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Impact of Mistletoe Triterpene Acids on the Uptake of Mistletoe Lectin by Cultured Tumor Cells

  • Katharina Mulsow,

    Affiliation Institute of Pharmacy, Department of Pharmaceutical Biology, Freie Universitaet Berlin, Berlin, Germany

  • Thomas Enzlein,

    Affiliation Department of Biotechnology, Mannheim University of Applied Sciences, Mannheim, Germany

  • Catharina Delebinski,

    Affiliation Department of Paediatrics, Division of Oncology / Haematology, Otto Heubner Centre for Paediatric and Adolescent Medicine (OHC), Charité Universitaetsmedizin Berlin, Berlin, Germany

  • Sebastian Jaeger,

    Affiliation Birken AG, Niefern-Oeschelbronn, Germany

  • Georg Seifert,

    Affiliation Department of Paediatrics, Division of Oncology / Haematology, Otto Heubner Centre for Paediatric and Adolescent Medicine (OHC), Charité Universitaetsmedizin Berlin, Berlin, Germany

  • Matthias F. Melzig

    Affiliation Institute of Pharmacy, Department of Pharmaceutical Biology, Freie Universitaet Berlin, Berlin, Germany


Complementary treatment possibilities for the therapy of cancer are increasing in demand due to the severe side effects of the standard cytostatics used in the first-line therapy. A common approach as a complementary treatment is the use of aqueous extracts of Viscum album L. (Santalaceace). The therapeutic activity of these extracts is attributed to Mistletoe lectins which are Ribosome-inactivating proteins type II. Besides these main constituents the extract of Viscum album L. comprises also a mixture of lipophilic ingredients like triterpene acids of the oleanane, lupane and ursane type. However, these constituents are not contained in commercially available aqueous extracts due to their high lipophilicity and insolubility in aqueous extraction media. To understand the impact of the extract ingredients in cancer therapy, the intracellular uptake of the mistletoe lectin I (ML) by cultured tumor cells was investigated in relation to the mistletoe triterpene acids, mainly oleanolic acid. Firstly, these hydrophobic triterpene acids were solubilized using cyclodextrins (“TT” extract). Afterwards, the uptake of either single compounds (isolated ML and the aqueous “viscum” extract) or in combination with the TT extract (ML+TT, viscumTT), was analyzed. The uptake of ML was studied inTHP-1-, HL-60-, 143B- and Ewing TC-71-cells and determined after 30, 60 and 120 minutes by an enzyme linked immunosorbent assay which quantifies the A-chain of the hololectin. It could be shown that the intracellular uptake after 120 minutes amounted to 20% in all cell lines after incubation with viscumTT. The studies further revealed that the uptake in THP-1-, HL-60- and Ewing TC-71-cells was independent of the addition of TT extract. Interestingly, the uptake of ML by 143B-cells could only be measured after addition of triterpenes pointing to resistance to mistletoe lectin.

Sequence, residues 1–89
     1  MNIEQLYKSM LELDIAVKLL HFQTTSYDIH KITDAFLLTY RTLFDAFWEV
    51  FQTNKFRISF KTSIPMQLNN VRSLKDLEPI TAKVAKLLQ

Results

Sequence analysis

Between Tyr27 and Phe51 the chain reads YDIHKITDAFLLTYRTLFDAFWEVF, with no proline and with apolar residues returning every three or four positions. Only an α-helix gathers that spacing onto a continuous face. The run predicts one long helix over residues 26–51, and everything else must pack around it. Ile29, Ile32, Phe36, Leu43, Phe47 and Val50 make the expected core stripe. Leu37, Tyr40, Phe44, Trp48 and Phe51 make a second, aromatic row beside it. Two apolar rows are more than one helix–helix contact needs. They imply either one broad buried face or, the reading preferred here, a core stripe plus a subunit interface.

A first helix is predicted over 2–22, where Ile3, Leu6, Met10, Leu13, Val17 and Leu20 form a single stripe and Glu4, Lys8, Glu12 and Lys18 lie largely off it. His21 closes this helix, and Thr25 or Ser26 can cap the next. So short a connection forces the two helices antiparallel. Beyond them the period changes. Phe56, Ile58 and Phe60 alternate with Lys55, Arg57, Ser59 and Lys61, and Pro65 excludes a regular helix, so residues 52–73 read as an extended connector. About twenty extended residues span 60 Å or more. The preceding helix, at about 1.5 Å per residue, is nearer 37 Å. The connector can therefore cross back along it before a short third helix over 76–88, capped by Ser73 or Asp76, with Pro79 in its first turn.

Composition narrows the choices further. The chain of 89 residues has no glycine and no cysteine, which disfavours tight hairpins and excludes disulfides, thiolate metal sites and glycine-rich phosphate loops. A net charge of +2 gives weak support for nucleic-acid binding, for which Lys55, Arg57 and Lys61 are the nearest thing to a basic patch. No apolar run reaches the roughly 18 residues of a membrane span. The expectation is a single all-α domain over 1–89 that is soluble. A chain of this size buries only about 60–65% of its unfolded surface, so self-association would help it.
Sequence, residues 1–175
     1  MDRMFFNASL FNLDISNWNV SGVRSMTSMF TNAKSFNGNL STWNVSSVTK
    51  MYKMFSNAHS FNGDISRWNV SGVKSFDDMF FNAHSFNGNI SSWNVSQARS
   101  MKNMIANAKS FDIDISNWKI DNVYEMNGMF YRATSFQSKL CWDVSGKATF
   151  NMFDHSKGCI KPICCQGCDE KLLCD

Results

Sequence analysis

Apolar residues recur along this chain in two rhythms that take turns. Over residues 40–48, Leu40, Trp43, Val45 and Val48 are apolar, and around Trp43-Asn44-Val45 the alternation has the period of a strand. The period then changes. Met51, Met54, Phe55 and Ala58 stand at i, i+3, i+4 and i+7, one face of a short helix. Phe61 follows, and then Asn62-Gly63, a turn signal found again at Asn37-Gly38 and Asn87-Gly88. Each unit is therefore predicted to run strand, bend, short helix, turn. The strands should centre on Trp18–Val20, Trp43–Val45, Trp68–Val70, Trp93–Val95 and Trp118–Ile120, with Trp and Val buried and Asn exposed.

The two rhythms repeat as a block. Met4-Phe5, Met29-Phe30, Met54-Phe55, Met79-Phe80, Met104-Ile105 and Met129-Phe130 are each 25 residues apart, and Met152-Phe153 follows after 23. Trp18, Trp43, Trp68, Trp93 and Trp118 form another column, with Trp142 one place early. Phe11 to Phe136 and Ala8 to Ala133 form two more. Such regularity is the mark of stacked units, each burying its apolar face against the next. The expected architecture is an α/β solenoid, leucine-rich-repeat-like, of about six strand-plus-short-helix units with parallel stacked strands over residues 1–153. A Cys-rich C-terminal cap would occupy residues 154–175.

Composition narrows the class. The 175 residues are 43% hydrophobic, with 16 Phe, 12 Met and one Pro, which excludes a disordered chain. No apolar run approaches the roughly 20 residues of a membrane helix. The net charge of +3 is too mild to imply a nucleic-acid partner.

Cancer is the second most common cause of death after diseases of the cardiovascular system [1]. Since conventional chemotherapy has severe side effects, the demand for alternative treatments is obvious. One possibility is the additional use of herbal preparations of the European white berry mistletoe, Viscum album L. (Santalaceae) [2, 3]. These preparations usually consist of aqueos mistletoe extracts in which Mistletoe lectin I (ML), II, III, viscotoxins, polysaccharides and flavonoids are the principal active compounds. The main cytotoxic effect is induced by the mistletoe lectins I-III and based on its N-glycosidase-activity [47]. They are glycoproteins belonging to the ribosome-inactivating proteins (RIP) type II [8]. The anti-tumor and immunological effect has been demonstrated in different in vivo studies with acute myeloid leukemia, acute lymphoblastic leukemia, pancreatic cancer and melanoma [917]. However, the synergistic effects of the individual components are not properly clarified [18].